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The Immigrant Experience Is At The Heart of Minari

Minari by Lee Isaac Chung (2020)

Ten years into living in Canada, there are still things that bring me joy and frustration in equal measure. Frustration: when I search every supermarket in the city for curry leaves (a vital ingredient to South Indian & Sri Lankan food imparting a toasted earthy flavor to stir fries and curries) and yet cannot find them. Joy: when I asked an out-of-towner friend to bring me some in jest and to my surprise, she arrives with a scrunched up nose and a grocery bag full, despite never having heard of them before."Is that how they normally smell?", she asks. "Yes", I reply. "They smell like home".

Food, with its transcendent appeal and its ability to connect the strangest of strangers is at the heart of Minari, Lee Isaac Chung's 2020 semi-autobiographical film. It tells the tale of growing up on an Arkansas farm with his Korean parents who yearn to be masters of their own fate and escape the comical and equally morbid job of chick sexing. With 50 acres of land, Jacob dreams of entering the Korean vegetable market in the midwest, while Monica cares for their children Anne and David, whose heart condition is cause for continuous concern.

Despite its vivid colors and sweeping cinematography, a low hum of discomfort runs through the film, punctuated by uneasiness like when the family visits their local Pentecostal church and is inundated with saccharine niceties befitting of the oriental. Feeling lost and needed the support of a matriarch, the family welcomes Grandma Soonja who arrives with a suitcase full of Korean staples like gojugara and myeolchi. Monica sobs for glee in one moment and shame in the next, feeling the weight of her otherness reflected in her mothers eyes, as she clutches the bags of Korean chili powder and dried anchovies to her chest.

A familiarity swept over me as I thought of the annual winter trips my grandmother, Veronica, would make to our home in Dubai when the sweltering summer heat subsided. Nani, as we called her - as most Indians call their grandmothers, would arrive with bags full of every kind of Goan speciality. There were vacuum packed bags of cashews, still in their pinkish shell waiting to be dry roasted and feni, the fermented alcohol of the cashew apple which is a vital ingredient of vindaloo. The most anticipated item of her trip, however, was Goan chorizo or pork link sausages - one of the last remaining legacies of the Portuguese besides Roman Catholicism.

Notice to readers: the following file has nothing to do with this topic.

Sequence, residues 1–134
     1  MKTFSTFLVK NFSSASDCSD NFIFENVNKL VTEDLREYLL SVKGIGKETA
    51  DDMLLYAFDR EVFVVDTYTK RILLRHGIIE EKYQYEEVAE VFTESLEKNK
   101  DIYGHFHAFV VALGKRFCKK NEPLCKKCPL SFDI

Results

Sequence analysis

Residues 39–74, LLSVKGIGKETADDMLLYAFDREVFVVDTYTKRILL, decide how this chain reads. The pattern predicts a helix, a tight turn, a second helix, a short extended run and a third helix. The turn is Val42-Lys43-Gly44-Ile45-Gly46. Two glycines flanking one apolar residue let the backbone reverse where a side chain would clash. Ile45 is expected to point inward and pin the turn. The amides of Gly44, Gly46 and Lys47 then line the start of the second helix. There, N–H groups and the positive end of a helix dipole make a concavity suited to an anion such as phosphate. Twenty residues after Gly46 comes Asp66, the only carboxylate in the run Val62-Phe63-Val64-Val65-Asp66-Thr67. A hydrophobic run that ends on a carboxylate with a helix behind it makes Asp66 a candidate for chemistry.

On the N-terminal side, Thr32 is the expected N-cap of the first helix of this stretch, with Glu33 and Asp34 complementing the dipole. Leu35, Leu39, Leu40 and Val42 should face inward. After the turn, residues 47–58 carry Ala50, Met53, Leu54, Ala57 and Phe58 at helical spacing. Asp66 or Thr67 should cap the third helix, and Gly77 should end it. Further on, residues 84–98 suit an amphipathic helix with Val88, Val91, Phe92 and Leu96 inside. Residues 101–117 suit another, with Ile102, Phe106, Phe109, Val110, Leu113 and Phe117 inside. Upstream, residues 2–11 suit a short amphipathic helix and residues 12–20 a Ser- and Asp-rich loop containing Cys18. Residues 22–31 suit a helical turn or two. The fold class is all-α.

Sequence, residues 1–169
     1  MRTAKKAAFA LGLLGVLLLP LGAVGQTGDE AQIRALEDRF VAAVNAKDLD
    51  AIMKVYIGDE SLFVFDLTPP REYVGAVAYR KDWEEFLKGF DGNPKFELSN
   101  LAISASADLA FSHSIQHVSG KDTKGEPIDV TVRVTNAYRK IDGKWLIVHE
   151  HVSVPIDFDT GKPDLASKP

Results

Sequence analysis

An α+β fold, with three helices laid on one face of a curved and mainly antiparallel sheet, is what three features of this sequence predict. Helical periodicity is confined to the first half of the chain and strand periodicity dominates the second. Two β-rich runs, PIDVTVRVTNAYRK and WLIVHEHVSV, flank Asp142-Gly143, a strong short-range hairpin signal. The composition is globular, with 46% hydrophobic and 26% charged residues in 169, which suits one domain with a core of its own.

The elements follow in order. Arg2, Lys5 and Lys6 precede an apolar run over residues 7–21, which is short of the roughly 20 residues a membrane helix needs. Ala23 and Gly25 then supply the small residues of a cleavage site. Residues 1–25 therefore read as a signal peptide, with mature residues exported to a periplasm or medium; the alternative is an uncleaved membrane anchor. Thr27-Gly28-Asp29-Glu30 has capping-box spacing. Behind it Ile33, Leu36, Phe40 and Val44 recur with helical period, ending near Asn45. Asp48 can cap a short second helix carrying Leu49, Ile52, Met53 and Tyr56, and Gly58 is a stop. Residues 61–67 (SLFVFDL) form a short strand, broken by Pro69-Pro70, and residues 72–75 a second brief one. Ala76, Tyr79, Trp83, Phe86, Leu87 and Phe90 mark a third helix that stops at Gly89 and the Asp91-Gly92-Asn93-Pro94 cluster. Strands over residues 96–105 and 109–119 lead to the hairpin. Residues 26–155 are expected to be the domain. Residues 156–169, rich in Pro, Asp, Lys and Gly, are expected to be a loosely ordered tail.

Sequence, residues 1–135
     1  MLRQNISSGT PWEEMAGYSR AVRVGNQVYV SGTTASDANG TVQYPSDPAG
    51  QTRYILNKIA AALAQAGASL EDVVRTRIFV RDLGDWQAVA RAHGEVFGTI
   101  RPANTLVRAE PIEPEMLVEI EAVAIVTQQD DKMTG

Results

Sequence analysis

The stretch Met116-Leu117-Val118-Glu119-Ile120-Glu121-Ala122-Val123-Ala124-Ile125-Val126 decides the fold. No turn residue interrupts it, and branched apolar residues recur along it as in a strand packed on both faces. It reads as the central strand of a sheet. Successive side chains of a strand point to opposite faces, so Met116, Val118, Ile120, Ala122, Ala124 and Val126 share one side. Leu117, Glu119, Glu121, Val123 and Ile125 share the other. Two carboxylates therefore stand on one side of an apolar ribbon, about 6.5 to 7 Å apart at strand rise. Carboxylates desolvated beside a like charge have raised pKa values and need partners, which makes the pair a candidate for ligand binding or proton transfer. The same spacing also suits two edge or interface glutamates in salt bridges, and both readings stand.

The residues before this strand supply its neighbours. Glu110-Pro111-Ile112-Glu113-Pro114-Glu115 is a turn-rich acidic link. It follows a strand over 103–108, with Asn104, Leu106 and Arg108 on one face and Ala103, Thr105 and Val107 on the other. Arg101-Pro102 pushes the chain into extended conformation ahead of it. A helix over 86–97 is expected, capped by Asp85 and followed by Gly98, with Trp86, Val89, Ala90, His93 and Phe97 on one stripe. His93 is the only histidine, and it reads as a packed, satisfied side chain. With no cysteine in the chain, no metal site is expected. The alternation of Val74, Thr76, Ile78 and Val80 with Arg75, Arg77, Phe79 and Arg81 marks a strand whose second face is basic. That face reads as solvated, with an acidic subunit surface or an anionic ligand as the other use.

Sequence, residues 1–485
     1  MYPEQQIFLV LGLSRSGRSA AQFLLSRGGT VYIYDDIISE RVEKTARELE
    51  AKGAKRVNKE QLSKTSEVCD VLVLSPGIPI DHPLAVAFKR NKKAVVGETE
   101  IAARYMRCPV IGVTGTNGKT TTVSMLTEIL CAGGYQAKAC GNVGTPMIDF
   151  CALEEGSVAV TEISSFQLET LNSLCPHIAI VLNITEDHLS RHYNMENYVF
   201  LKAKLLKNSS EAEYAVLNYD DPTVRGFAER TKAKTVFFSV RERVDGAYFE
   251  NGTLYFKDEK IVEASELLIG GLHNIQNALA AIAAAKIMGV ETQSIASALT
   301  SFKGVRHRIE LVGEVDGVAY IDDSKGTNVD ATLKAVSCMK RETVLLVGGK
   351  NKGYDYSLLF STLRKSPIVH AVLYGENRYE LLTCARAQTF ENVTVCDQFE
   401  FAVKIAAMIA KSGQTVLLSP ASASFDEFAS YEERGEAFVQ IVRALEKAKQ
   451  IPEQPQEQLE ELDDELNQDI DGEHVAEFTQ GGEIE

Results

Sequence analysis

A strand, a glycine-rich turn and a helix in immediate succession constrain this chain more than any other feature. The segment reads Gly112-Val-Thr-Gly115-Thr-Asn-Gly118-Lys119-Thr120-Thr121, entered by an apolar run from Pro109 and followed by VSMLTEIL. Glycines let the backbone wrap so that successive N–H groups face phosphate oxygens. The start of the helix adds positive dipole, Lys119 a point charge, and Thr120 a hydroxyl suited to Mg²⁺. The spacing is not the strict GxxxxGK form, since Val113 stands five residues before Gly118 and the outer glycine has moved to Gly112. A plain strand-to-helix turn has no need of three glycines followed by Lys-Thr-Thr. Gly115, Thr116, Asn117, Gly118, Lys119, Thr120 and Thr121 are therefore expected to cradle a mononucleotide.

Food can at once be alienating and welcoming. Throughout Minari, there is a universality of experience, a kind of deja-vu that only immigrants can know. The elation of finding a much sought-after condiment, the peculiar comfort of a matriarch who is both family and foreigner, the desire to make one's mark and show the next generation that culture and traditions have value. Though the protagonists in this movie are Korean, they could truly be any nationality. It is just as easy to picture them as Punjabis, whose presence in Canada is inextricably linked to India's dark colonial history or Ukrainian, to whom large swaths of Canada claim a cultural connection, who came here to escape one demagogue 80 years ago, finding community and resiliency through food, culture and human connection and through similar circumstances, must doing so again.

As I sit on stolen native land, I ruminate on the opportunities being an immigrant has given me. Opportunities to connect with a culture I found strange and foreign while I grew up in the Middle East. In Dubai, we are not immigrants since we have no claim to the land we tread on. We are expatriates - transient workers whose only value is the labor they generate. There are no analogies of melting pots or mosaics, there is only a drive to provide that carries people from one day to the next, leading many people to begin the process of immigration. The immigrant experience isn't for the fainthearted. It is a test of mettle. It will put you face to face with xenophobia, racism and arguably most crushingly, defeat. I, myself have lost count of the failures and defeats I have endured over the last ten years. In retrospect, perhaps a better approach would have been to allow myself to lean into being an immigrant and see it for what it was, not what I thought it might be. To see it not as painful, but hopeful. In Minari, Monica surveys her new home and finds it nothing like she'd imagined. "What is this?", She asks. "This is what we wanted", says Jacob. "A new start".

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